decision variables, chromosome-specific bounds) to ensure that the cyclone shape was

physically meaningful. The technique used was similar to what was used in the

optimization of the steam reformer. An upper limit was imposed on the inlet velocity of

gases (an inequality constraint). This constraint was implemented using penalty killing, as

was done for the PET wiped film reactor optimization problem. ∆p vs. ηo Pareto sets were

obtained (see Figure 6). It was found that the optimal values of the decision variables could

not, at first sight, be explained physically. This problem is quite common in multiobjective

optimization problems associated with a considerable amount of 'freedom'. One then needs

to solve several simpler multiobjective optimization problems, each with only one, or, at

most two decision variables, to find out which of the several decision variables in the

original problem are the most sensitive and important in deciding the Pareto set. Such a

study leads to considerable physical insight and, at times, even helps in developing

appropriate bounds of the decision variables, as well as in selecting appropriate constraints

to be used in solving the multiobjective optimization problem, which may not be known too

precisely at the beginning. Such detailed studies also help in explaining the scatter that may

be present in the final results--both in the Pareto set obtained as well as in the plots of the

individual decision variables over the range of objective functions covered by the Pareto

set. A similar study is being carried out (Ravi et al., 2000b) on the multiobjective

optimization of venturi scrubbers. Pareto optimal solutions are being obtained in the

preliminary studies completed till now.

Multiobjective optimization of hollow fiber membrane modules was carried out by

Chan et al. (2000), using the dialysis of beer to produce low-alcohol beer, as an example.

The two objective functions considered were (i) the maximization of the removal of alcohol

from the beer, and (ii) the minimization of the removal of 'taste chemicals (called extract)'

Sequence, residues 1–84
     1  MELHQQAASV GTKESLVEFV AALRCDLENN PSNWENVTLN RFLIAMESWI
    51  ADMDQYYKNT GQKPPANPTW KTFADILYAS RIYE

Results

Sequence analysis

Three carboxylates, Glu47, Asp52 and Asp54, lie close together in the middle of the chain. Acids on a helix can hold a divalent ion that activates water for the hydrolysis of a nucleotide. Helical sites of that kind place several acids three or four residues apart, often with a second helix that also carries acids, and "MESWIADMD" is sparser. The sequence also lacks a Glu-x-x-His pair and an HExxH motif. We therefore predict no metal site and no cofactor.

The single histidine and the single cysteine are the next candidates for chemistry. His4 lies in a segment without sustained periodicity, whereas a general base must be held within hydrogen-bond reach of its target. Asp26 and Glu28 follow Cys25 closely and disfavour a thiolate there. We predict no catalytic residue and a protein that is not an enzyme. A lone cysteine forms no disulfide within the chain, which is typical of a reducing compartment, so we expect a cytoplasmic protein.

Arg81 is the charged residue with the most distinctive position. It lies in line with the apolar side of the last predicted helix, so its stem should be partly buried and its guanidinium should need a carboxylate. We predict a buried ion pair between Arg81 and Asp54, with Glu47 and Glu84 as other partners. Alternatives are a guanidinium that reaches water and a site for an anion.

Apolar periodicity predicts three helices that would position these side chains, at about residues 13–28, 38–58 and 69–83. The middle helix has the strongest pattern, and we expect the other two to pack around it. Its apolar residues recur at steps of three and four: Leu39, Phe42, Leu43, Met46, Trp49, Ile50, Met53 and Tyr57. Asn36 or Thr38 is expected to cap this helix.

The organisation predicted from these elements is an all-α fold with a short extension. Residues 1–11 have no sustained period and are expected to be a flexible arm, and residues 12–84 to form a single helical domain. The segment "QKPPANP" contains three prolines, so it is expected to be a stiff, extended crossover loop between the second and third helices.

by the module. Inequality constraints were imposed on the pressure drops on both the shell

and the tube sides, as well as on the inner diameter of the shell. The decision variables

considered were the flow rate of water on the shell side, the length of the fiber, the

fractional free area in the shell (related to the tube pitch), the internal radius of the

individual hollow fibers and the thickness of the hollow fiber membranes. Again, this

problem is associated with an immense amount of freedom, and several simpler one- and

two- decision variable problems have been studied to develop physical insight. It was found

that the internal radius of the membrane was the most important decision variable

influencing the Pareto set.

Another application of considerable industrial importance is the optimization of the

continuous casting of polymethyl methacrylate (PMMA) films. In this process, a

prepolymer is first produced in an isothermal plug flow tubular reactor (PFTR). The

product from this reactor flows as a thin film through a furnace. The temperature, Tw(z), of

the upper and lower surfaces of the polymer film varies with the axial location, z, in the

furnace. The two objective functions (Zhou et al., 2000) are (i) the maximization of the

cross section-average value of the monomer conversion at the end of the furnace, xm,av,f,

and (ii) the minimization of the length, zf, of the furnace. The end-point constraint used

was that the section-average value of the number average chain length in the product, µn,av,f,

should be equal to a desired value, µn,d. In addition, a 'local' constraint is to be satisfied in

this problem. This takes the form that the temperature at any point in the film must be

below an upper safe value, to prevent degradation (discoloration) of the polymer film. The

decision variables used were the temperature of the isothermal PFTR, concentration of the

initiator in the feed to the PFTR, monomer conversion at the end of PFTR, film thickness

(all scalars), and the temperature programming, Tw(z), in the furnace (a continuous

function). In order to simplify the problem, the temperature of the surface of the film,

Tw(z), was assumed to be a cubic function of z. Thus, the continuous function was replaced

by four constants. The local constraint was taken care of by using the penalty killing

procedure. In this study, the requirement, µn,av,f = µn,d, was taken care of by using it both as

a penalty function in the two objective functions, and also by using it as a stopping

condition. This leads to faster convergence to the Pareto solution.

2.8 Other Techniques

Several other workers have used algorithms developed by them or adapted for their

particular work to solve multiobjective optimization problems, which cannot be grouped

into the above classifications. These are described here. Nishitani and Kunugita (1979)

developed a code to determine the optimal flow pattern for multiple effect evaporator